As you can imagine, dog fighting was an extremely cruel and sadistic pursuit. The canine combatants were put through a rigorous training process depriving them of normal contact with humans and instilling in them an intense desire to spill the blood of their opponents. It was not unusual for these dogs to be fed a diet of blood and raw meat, and to be kept in complete darkness apart from the few hours a day they spent training with their handlers. To further enhance the dogs' eagerness for the kill, handlers forced them to run on a stationary treadmill with a weaker animal in front of them, but just out of reach. At the end of the exercise, the dogs were allowed to kill the animal as their reward.

During the course of a dog fight, the dogs were expected to fearlessly hurl themselves at their opponents without flinching or hesitation. If a dog turned away, it was viewed as a weakness and could be grounds for forfeit. Even if the hesitant animal was lucky enough to survive the encounter, he was still not out of the woods. Many handlers killed their own dogs because they believed a dog that hesitated even once could no longer be relied on to fight with the verve and tenacity the sport required.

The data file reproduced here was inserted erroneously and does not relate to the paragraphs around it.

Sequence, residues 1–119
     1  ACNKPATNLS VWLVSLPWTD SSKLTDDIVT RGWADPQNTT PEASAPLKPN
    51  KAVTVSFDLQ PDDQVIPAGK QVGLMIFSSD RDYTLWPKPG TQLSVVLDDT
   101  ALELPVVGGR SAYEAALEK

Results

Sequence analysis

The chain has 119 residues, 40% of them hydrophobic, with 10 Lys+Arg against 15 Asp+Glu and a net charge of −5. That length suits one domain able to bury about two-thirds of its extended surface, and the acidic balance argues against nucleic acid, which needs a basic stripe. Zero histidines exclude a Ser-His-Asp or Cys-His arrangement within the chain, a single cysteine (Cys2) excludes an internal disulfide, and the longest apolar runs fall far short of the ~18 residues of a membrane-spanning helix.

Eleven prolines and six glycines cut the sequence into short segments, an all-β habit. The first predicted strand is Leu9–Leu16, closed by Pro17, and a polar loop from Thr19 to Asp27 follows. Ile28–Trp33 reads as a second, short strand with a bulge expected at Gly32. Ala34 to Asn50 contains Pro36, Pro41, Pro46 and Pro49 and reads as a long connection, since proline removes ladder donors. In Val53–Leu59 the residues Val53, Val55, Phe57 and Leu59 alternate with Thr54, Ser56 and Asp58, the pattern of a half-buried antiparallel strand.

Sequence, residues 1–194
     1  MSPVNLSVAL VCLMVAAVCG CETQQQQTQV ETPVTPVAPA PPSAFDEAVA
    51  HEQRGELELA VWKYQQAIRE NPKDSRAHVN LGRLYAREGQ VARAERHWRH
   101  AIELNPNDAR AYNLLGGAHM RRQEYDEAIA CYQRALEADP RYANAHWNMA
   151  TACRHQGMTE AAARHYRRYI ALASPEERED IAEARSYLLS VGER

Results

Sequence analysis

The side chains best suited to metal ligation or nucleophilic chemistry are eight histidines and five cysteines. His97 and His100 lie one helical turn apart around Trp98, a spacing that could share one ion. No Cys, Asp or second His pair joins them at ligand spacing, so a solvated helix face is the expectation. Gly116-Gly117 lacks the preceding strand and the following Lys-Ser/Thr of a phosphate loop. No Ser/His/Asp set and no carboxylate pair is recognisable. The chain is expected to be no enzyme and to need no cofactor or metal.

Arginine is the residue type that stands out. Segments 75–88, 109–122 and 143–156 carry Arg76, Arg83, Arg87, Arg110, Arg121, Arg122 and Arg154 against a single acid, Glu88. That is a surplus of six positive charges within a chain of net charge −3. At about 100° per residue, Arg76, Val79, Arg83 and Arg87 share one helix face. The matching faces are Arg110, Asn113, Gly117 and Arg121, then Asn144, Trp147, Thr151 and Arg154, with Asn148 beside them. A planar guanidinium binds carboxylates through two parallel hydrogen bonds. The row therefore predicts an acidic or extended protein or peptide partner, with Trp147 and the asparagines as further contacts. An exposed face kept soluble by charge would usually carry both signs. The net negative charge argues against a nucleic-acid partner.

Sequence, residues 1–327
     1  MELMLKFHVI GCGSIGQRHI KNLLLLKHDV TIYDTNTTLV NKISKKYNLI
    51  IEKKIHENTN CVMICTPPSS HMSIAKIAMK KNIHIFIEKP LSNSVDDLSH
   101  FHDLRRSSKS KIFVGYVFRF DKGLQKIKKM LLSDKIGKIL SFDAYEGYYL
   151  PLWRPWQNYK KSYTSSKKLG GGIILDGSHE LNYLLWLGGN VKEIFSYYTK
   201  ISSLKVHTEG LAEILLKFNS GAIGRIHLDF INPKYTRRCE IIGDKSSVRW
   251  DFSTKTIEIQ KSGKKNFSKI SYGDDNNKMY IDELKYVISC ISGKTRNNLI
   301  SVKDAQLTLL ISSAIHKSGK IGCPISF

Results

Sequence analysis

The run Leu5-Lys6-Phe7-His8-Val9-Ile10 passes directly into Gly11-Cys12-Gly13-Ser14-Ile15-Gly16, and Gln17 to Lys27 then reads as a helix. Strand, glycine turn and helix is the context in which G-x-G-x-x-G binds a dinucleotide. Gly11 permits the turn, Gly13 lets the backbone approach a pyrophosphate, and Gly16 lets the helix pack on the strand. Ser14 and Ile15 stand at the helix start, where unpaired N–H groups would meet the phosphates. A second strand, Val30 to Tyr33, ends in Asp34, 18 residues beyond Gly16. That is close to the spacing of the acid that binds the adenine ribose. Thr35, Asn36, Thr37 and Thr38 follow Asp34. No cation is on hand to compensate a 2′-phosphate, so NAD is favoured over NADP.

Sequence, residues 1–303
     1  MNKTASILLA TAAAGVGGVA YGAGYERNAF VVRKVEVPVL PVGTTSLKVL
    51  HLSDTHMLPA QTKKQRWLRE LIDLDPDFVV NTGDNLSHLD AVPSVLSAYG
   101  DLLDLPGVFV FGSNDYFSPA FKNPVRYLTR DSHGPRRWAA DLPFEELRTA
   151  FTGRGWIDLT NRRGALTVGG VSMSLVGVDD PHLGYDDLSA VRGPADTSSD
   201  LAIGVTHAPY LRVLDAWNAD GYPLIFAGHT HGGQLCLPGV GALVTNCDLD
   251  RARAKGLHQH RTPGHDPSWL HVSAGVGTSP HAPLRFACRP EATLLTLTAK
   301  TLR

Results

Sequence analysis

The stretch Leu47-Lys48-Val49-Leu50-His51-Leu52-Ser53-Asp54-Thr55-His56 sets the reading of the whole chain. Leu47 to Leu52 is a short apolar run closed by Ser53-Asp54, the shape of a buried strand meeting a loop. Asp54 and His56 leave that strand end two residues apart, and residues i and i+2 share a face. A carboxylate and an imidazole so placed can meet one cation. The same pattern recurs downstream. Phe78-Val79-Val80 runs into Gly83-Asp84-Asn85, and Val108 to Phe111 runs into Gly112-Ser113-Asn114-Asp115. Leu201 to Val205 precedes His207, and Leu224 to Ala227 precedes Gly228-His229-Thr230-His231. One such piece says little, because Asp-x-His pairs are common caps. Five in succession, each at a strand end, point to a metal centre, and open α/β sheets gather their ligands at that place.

When English immigrants came to America, their dogs came with them. Not surprisingly, dog fighting was common in America throughout the 19th century. However, as the immigrants traveled west, the pit bull took on a broader and more humane function. On the frontier, pit bulls assumed the role of an all-purpose dog. In addition to herding cattle and sheep they served as faithful guardians, protecting families and livestock from the ever-present threat of thieves and wild animals.

Despite their gallant history, pit bulls faced an uphill battle in gaining official recognition. The American Kennel Club was formed in 1884 for the sole purpose of promoting the interests of purebred dogs and their owners. To accomplish this, they sponsored events designed to test various breeds in the areas of performance and conformation.

Conformation events judge the dogs according to the breed standard - a pre-established set of guidelines that describe the most-highly valued physical characteristics of each breed. Performance events, on the other hand, test the dogs according to the function for which they were bred. Some of the more common performance categories include the working, sporting, and herding categories.